When Can I Watch The ‘Footloose’ Remake with My Kids?

When Can I Watch The ‘Footloose’ Remake with My Kids?

Oct 14, 2011

Earlier, we put Herbert Ross’s beloved Footloose under the When Can I Watch microscope and found that the staple of our childhood was a little more mature than its PG rating suggested. Even Craig Brewer (read our interview here), the man behind the new Footloose remake, has said in recent interviews that the original likely would be rated R if it had to go before today’s MPAA for judgment.

How would Brewer’s version fare? It’s dancing into theaters with a teenage-friendly PG-13 rating, and likely could have flirted with an R for some of the suggestive material he snuck into his feature.

Not that they don’t fit. Footloose is a story of teenage rebellion, and parents need to refresh their memories of the themes on display before they let their own kids “tear up this town,” as Kenny Loggins so melodiously proposed.

So if your kids are responding to Footloose ads they are seeing online, on MTV, or during commercial breaks for ABC’s Dancing With the Stars, let me run through a few elements that caught my eye during Brewer’s otherwise enjoyable remake.

  

Red Flags: You and Me, We Should Be Dancing In The Sheets

Just about every red flag associated with the original – salty language, Ariel’s omnipresent death wish, bullying at Ren’s school, Ariel’s abusive boyfriend – make it into Brewer’s remake. The director doesn’t stray too far from Footloose screenwriter Dean Pitchford’s original story, and actually punches it up in places.

You’ll know in the opening minutes, where Brewer introduces his first major change, that this Footloose isn’t a harmless, high-energy dance picture for kids of all ages. Brewer decides he’s going to show us the car accident that claims the lives of five teenagers, and prompts Rev. Moore (here played by Dennis Quaid) to outlaw dancing. It’s a smart choice, as we immediately feel the impact the loss has on the characters populating this small, Southern town. It’s also a warning sign to parents who might have brought young children to the theater that Footloose packs a punch, and might not be for kids.

You know who else packs a punch? Julianne Hough, who is a red flag all by her lonesome. By moving Footloose from Utah to the “Dirty South” of Georgia, Brewer decided he was going to make Footloose sexier. The man made Black Snake Moan, after all. And Hough helps him achieve this goal. Often. She also puts Lori Singer to shame. Wait until you see the look she gives Kenny Wormald’s Ren when he blows up a school bus during a drag race scene. Boys who enter theaters showing Footloose will leave as men.

The rest of the red flags in Brewer’s version were found in the original. Ariel, it’s implied, actually loses her virginity to her redneck boyfriend (the relationship didn’t go that far in 1984). And the confession of said act to her father still packs a punch. Kids smoke pot and drag race. The dancing is more bump-and-grind than it was in 1984, but that’s a sign of the times.

So long as parents know these elements are every bit a part of the new Footloose as they were with the original, they can decide how old their kid needs to be to cut loose.

Green Lights: Holding Out For a Remake

And if they do get to see Footloose, they’ll likely find it infectious … much like we did with the original.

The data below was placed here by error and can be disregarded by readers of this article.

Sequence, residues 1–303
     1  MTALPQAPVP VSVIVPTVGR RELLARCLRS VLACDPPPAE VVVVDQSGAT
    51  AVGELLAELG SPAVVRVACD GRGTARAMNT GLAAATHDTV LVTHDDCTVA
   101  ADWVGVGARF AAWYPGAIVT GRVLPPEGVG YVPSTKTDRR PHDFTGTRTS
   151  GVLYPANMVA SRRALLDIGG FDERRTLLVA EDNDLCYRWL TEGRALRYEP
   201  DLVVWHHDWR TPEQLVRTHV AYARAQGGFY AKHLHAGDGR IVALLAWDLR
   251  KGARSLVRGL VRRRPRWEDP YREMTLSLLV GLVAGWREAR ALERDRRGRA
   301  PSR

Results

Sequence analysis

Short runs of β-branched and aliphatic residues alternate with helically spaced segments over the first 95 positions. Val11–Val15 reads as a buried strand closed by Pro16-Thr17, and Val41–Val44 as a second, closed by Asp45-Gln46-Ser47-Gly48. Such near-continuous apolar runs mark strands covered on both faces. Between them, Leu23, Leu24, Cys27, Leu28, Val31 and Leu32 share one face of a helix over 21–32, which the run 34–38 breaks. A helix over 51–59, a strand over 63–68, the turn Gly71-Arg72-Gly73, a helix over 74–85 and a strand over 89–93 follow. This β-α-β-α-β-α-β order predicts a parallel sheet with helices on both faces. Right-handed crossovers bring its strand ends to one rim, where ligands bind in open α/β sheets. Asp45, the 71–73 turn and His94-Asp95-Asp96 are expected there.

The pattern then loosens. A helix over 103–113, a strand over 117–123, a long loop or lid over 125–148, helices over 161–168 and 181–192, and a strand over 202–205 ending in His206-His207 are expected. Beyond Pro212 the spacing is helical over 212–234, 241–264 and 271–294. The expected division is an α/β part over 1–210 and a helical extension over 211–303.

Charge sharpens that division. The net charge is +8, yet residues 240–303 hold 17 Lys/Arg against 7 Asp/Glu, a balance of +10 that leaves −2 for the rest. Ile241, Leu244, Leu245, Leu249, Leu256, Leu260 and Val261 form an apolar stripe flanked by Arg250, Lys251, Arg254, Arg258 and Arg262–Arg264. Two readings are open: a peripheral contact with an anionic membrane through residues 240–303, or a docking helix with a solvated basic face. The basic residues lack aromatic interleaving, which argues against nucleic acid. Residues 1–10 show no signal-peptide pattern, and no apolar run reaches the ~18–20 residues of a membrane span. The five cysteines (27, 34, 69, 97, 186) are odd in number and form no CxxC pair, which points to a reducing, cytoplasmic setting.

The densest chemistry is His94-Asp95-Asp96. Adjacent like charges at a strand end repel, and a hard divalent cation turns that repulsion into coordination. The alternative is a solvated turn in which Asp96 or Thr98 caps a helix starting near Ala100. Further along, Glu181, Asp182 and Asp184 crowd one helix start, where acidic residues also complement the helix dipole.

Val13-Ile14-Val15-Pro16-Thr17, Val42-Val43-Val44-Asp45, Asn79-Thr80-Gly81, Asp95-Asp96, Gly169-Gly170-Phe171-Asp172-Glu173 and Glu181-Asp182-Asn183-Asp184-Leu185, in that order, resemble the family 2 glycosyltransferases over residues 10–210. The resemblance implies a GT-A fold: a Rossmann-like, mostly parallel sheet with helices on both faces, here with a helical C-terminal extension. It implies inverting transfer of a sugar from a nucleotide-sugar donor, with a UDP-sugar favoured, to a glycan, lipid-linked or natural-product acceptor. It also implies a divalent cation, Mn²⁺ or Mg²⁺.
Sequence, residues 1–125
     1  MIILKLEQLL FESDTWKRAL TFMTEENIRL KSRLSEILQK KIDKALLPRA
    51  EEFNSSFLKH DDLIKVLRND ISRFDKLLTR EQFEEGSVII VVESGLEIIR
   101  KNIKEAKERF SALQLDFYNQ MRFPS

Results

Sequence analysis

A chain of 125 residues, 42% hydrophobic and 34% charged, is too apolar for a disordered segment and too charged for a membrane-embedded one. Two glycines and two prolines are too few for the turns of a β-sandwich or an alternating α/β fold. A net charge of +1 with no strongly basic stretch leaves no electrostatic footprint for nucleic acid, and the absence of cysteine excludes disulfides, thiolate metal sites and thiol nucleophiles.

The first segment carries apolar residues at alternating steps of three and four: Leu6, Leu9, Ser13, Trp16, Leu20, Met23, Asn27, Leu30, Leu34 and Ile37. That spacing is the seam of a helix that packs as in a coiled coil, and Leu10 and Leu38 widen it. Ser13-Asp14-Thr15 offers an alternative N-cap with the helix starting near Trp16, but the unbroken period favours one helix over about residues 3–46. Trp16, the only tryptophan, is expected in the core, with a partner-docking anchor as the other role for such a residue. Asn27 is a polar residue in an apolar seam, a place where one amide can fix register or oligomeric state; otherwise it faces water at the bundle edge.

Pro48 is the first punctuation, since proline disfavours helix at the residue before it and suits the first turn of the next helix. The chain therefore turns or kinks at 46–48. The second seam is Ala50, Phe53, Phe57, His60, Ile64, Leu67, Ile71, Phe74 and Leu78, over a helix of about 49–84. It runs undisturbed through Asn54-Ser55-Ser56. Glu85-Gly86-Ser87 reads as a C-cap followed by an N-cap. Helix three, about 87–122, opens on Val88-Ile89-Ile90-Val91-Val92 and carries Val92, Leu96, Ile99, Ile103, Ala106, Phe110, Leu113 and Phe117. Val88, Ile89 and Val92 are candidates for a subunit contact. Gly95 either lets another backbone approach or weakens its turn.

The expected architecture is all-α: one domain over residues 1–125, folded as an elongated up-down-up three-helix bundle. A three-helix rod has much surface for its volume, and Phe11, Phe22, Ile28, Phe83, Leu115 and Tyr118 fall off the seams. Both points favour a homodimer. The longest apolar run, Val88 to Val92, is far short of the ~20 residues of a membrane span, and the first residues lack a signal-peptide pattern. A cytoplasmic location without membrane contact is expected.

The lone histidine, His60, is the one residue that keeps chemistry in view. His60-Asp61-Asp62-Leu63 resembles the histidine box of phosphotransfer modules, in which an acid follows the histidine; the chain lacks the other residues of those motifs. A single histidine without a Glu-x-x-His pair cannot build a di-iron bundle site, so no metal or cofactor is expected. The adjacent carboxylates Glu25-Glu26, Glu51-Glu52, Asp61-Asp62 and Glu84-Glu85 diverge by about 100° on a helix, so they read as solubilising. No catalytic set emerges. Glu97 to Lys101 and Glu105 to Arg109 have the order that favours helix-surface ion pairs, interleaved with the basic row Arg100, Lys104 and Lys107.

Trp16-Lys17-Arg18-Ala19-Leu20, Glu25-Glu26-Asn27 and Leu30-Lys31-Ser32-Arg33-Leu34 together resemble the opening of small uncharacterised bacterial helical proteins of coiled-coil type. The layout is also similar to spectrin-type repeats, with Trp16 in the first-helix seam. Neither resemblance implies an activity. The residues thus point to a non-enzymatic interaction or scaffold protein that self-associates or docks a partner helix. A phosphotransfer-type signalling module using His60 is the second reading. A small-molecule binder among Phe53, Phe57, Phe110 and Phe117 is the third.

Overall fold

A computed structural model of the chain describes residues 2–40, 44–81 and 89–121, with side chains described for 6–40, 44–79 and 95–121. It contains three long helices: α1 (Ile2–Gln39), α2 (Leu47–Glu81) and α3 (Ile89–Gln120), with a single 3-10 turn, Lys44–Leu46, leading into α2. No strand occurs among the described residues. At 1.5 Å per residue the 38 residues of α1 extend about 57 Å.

As with Ross’s effort, Brewer’s Footloose plugs directly into teenage rebellion and gives it a kicking soundtrack. Country fans will better appreciate the twang on such staples as “Let’s Hear It For the Boy” or Blake Shelton’s title track. Country artist Emma Mae Bowen contributes a heartwrenching ballad version of “Holding Out For a Hero” that will find its way onto your iTunes. In fact, I might go so far as to say the new Footloose soundtrack surpasses the old one in terms of memorable tracks that mesh with their on-screen action.

And then there’s the cast. Hough and Wormald embrace the thankless task of living up to Singer and Kevin Bacon’s portrayals of Ariel and Ren, and while they don’t make us forget the original characters, they certainly go the extra mile to make these personalities their own. Hough, in particular shows dramatic chops in scenes alongside Quaid and Andie MacDowell. (Co-star Miles Teller, previously seen in Rabbit Hole, also shines.) And Wormald, a dancer by trade, bursts off the screen in most of Footloose’s signature scenes. I guess you’d say he could cut loose … footloose.

Appropriate Age

As with the original, the rating’s a little off. Where Ross’s picture cheated the system by scoring a PG rating (largely because the PG-13 didn’t exist yet), Brewer’s version pushes the envelope enough to earn an R. Losing your virginity, describing threesomes with graphic sexual language, playing chicken with trains … it’s material meant to connect for older teens, and those of us who were teenagers back when the original Footloose came out nearly 30 years ago.

 

If you’d like to read previous entries in the "When Can I Watch That With My Kids?" series, click right here. Some of the films covered: Star Wars, Back to the Future, The Goonies, The Princess Bride, The Monster Squad and Spy Kids, to name just a few.

 

  

Tags: Footloose
blog comments powered by Disqus
Advertisement

Facebook on Movies.com

The Burning Question

In the movie The Hundred-Foot Journey, what is the name of the character played by Om Puri

  • Papa
  • Susan Plummer
  • Ava Paige
  • Emily Cooper
Get Answer Get New Question

Papa